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Ford and Better Things

The quote projected on the front of that dilapidated building in the Corktown District of Detroit is the motto of the City of Detroit: “We hope for better things; it will arise from the ashes.” It was written by Father Gabriel Richard, who immigrated from France to the U.S. in 1792, and who came to Detroit in 1798.
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Michigan Central Station

The quote projected on the front of that dilapidated building in the Corktown District of Detroit—a district so named because of the immigrants who settled there from County Cork, Ireland, driven from their homeland by the Great Potato Famine of the 1840s—is the motto of the City of Detroit: “We hope for better things; it will arise from the ashes.”

It was written by Father Gabriel Richard, who immigrated from France to the U.S. in 1792, and who came to Detroit in 1798. He wrote those words after a fire had essentially leveled the city. He had faith.

That building is the Michigan Central Station, which was opened in 1913. It was added to the National Register of Historic Places in 1975. The last train left the station on January 5, 1988.

It has subsequently become a site for those who are interested in the architecture of ruin and decay, a massive 18-story structure on the landscape of Detroit that serves as the buckle of what is often referred to as the “Rust Belt.”

And now it will serve as more than a symbol of the renewal of Detroit: with the Ford Motor Company’s commitment to transforming that building, as well as others in the Corktown neighborhood, into a place where people—the company plans to have some 2,200 of its employees working there by 2022—will advance the technology of the auto industry, this is an undertaking that will reimagine and recreate something that has been on the landscape for more than 100 years.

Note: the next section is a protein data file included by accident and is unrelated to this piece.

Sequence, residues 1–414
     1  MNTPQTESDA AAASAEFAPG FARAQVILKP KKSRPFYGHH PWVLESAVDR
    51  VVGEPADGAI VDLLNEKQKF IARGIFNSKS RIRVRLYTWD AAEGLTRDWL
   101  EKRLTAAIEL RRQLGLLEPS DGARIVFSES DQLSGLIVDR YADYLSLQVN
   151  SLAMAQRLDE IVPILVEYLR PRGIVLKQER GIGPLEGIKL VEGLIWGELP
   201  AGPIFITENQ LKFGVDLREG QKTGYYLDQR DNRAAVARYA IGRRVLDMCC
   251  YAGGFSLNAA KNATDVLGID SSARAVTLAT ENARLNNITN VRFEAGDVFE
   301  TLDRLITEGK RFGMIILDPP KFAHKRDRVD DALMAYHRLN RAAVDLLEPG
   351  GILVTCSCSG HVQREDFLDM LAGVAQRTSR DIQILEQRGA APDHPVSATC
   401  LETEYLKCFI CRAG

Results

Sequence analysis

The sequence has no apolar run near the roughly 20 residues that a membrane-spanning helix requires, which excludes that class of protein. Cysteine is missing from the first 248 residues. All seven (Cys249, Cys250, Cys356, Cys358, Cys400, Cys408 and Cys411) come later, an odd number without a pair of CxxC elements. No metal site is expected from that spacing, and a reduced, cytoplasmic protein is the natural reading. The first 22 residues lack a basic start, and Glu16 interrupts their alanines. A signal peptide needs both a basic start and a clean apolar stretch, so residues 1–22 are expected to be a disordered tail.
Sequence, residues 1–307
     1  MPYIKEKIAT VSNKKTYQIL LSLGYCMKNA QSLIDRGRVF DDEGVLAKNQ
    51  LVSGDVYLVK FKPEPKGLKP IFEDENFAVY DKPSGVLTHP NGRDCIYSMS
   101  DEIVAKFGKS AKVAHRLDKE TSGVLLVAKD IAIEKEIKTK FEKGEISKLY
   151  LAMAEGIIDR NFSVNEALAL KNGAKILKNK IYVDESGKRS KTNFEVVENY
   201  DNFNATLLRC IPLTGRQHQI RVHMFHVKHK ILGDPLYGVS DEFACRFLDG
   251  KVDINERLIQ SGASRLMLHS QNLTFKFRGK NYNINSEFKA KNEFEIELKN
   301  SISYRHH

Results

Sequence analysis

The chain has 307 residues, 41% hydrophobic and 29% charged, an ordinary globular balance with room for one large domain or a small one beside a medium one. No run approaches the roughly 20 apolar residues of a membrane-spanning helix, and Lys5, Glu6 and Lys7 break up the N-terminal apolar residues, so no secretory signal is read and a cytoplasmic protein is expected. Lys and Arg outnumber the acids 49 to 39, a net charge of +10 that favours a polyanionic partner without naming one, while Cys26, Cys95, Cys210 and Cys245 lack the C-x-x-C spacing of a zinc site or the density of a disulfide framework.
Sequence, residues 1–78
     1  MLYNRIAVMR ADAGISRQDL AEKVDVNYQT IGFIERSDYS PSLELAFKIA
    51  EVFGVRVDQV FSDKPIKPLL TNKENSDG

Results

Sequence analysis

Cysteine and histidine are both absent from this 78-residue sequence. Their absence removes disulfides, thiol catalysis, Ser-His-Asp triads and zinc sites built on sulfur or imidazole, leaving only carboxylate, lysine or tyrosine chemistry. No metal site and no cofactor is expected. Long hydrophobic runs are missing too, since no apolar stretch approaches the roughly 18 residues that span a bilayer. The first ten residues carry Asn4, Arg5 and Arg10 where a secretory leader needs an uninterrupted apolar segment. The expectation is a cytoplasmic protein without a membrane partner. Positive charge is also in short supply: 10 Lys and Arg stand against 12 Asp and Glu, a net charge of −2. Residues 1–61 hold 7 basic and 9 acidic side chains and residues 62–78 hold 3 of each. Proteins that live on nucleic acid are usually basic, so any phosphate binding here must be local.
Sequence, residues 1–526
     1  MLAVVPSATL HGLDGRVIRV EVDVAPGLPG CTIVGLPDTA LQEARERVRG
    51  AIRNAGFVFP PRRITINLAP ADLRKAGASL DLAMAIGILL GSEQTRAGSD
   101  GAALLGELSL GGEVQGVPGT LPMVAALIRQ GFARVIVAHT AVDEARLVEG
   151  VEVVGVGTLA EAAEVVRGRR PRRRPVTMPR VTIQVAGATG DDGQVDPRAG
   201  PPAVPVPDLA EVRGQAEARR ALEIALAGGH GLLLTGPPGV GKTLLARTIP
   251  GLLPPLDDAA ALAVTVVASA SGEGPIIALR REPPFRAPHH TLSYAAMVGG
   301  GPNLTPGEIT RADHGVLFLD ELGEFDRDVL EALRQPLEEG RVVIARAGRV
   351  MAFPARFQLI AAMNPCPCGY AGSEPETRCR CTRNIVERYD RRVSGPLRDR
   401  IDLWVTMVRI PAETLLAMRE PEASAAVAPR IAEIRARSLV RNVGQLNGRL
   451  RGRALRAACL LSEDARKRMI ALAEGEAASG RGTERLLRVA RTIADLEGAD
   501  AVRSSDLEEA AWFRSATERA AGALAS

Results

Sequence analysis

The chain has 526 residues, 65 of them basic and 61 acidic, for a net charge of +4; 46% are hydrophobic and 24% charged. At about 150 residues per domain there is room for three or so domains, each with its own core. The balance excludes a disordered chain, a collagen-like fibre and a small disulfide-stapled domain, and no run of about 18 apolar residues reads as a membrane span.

Not just the landscape of Detroit, but of the entire world.

Bill Ford in Corktown

About four miles northeast of the Michigan Central Station the Ford Piquette Avenue plant stands. It was opened in 1904. It is the facility where the Ford Model B, C, F, K, N, R, and S were built.

It is the factory where the Model T, the car that transformed the world, was conceived and produced in 1908.

Henry Ford didn’t invent the car. He made it available to people of all walks of life, to people literally around the world.

The Ford Motor Company won’t have invented the autonomous vehicle. But it seems as though the company is working to make it something for the many rather than the few. Let’s face it: piloting Domino’s pizza delivery isn’t exactly something that is focused on the Grosse Pointe set.

Speaking of what the company that bears his family name, the company that was founded by his grandfather, is doing in Corktown, Bill Ford, Jr., the company’s executive chairman, said, “We aren’t just making a bet on Detroit. We are making a big bet on the future for Ford and the future of transportation. It’s exciting to imagine what’s possible as we build tomorrow, together.”

It isn’t just a big, old building that is going to be thoroughly rehabilitated, wired, filled with furniture and amenities, and staffed by thousands of people, both of Ford and suppliers to the company.

No, this is something that no other place in the world has—not Silicon Valley, not Shanghai, not Stuttgart: it is a landscape that came up from the ashes, returned to the dust heap of history, and which is rising again, cognizant of the past, but full of the potential of the future.

A landscape where there is faith.